Hall showed a video to Cpl. Michael Revels, in which Cody is slammed on the floor by his step-sibling while his father looks on and laughs. In the police report, Revels wrote, "It is my opinion after watching just one of the many videos posted to YouTube, I think the kids … are being both physically and mentally abused and does not need to be in the custody of [their] father Michael Martin." The police report listed a Baltimore County address for Martin.

Martin County Sheriff's Office said because the incident happened outside its jurisdiction, the department could not take action.

Baltimore County police said they were reviewing the videos to see whether any were criminal and occurred under their jurisdiction. The police said they first received a referral from another police agency about the videos.

Montgomery County police said they received several calls about Martin, who they said lives in Ijamsville in Frederick County. The Frederick County Sheriff's Office did not immediately respond to requests for comment.

Katherine Morris, a spokeswoman for the Maryland Department of Human Resources, wrote in an email to The Baltimore Sun that the department could not divulge whether its staff had met or spoken with the Martin family, but said the department is dedicated to protecting vulnerable children across the state.


"DHR thanks members of the community who come forward to report their concerns regarding vulnerable residents. It is the responsibility of each of us as members of our communities to ensure a safe environment for all to thrive," Morris wrote.

Martin defended himself in a video Sunday, called "Blocking All the Haters," saying that many people didn't understand his humor. The children also chimed in saying viewers were jealous and were ruining their lives.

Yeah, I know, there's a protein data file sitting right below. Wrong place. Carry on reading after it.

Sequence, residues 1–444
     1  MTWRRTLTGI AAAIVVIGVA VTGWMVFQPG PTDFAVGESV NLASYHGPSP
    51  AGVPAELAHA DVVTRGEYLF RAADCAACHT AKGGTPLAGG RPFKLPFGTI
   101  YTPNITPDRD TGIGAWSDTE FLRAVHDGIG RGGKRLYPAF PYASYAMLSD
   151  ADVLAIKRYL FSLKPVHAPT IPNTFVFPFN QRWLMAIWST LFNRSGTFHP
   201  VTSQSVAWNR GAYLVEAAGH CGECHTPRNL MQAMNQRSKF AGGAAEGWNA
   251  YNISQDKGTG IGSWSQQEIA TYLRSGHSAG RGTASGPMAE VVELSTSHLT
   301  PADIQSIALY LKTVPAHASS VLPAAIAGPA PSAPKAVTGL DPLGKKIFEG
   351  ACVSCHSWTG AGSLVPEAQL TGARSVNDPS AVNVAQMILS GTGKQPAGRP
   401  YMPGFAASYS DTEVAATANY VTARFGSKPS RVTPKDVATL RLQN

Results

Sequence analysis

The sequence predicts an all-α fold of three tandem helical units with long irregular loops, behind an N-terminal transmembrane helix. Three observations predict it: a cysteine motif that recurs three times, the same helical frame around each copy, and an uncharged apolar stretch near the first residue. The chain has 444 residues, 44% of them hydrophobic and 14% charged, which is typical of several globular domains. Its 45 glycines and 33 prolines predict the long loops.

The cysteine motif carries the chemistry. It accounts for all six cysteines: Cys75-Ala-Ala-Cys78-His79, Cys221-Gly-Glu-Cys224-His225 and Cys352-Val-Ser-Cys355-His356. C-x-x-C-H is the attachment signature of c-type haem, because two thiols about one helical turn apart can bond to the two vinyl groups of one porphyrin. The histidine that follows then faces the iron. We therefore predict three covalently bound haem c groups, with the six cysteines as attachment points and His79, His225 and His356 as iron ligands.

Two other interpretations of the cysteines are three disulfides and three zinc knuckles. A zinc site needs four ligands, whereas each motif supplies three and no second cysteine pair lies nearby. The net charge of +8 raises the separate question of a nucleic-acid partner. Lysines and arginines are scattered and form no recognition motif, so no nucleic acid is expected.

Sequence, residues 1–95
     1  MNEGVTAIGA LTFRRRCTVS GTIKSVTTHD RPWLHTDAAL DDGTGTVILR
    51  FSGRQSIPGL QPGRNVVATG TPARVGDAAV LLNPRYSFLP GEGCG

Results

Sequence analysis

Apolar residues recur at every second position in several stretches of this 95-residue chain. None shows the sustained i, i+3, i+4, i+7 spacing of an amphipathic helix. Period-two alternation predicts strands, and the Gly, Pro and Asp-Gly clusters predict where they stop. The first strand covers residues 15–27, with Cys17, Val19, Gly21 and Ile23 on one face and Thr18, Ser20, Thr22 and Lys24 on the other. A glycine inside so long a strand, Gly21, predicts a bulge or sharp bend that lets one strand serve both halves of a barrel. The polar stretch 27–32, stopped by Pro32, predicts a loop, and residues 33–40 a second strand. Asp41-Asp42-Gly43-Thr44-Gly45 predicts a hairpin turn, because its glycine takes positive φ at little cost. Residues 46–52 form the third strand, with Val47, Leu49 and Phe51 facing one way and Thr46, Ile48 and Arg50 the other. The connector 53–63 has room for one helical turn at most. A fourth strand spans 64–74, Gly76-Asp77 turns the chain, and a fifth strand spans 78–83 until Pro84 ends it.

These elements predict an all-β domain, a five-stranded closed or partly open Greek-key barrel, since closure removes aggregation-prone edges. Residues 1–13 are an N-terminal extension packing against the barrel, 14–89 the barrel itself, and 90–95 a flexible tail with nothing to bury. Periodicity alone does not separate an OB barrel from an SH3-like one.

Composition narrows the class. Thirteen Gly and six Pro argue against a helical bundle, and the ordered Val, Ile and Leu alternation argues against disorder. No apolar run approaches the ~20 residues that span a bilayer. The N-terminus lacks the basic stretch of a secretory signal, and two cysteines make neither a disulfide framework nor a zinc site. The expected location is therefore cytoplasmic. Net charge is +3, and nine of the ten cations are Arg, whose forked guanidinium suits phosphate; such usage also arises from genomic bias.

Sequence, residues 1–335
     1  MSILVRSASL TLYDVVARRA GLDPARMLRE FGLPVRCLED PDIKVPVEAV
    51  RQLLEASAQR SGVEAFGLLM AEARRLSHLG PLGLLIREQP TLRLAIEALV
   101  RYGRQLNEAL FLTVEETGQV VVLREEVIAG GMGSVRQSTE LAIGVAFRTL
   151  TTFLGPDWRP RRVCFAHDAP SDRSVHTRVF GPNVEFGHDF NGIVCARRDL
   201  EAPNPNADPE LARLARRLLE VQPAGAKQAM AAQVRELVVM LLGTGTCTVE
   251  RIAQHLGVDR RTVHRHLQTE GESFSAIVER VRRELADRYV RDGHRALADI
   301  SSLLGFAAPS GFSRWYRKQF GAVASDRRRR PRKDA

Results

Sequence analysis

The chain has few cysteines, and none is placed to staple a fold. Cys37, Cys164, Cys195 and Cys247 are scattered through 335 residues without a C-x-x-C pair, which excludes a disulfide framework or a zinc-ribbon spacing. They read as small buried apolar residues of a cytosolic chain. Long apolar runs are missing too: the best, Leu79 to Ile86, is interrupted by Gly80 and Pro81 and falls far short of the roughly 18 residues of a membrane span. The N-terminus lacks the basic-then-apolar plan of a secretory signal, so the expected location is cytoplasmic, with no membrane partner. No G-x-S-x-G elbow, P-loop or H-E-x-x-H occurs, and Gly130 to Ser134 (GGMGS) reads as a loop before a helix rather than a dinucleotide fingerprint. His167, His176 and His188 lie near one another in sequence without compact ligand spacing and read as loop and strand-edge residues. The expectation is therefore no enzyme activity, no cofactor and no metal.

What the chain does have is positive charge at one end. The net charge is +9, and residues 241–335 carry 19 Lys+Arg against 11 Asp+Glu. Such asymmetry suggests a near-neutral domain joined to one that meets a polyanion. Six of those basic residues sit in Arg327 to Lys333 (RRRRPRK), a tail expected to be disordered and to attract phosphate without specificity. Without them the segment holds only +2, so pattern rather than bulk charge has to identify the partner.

But many viewers weren't convinced.

"So you monetize torturing the kid. You buy a trip to Disney. Then. don't take the kid who funded your trip," one user said.

"Absolutely disgusting. How can someone do something that causes serious emotional damage to their children," said one viewer.

"What are they supposed to learn from this? They can't trust their parents to not screw with them and then laugh in their faces when the kids cry? Weirdos. I don't see what's funny about this.," said another.


Others, however, stand behind the YouTube user.

"Daddyofive I am still [subscribed] and I will still watch no matter what happens!" said another user.

In the video Wednesday, Martin said he felt everyone needed "more of an explanation," and claimed that his family had received death threats.

"Maybe I got a little carried away sometimes. Maybe the kids got carried away. … We're still new at this," he said, adding that he and his wife are not child abusers and that though he doesn't want his channel to end, "I'd rather lose my YouTube channel and all my revenue than to lose my children, than to lose my family."

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"We're going to make things right, and I want everyone to feel comfortable and know that these kids are safe, that this is all an act… and I swear to god, if we continue making videos, you will see changes," he said.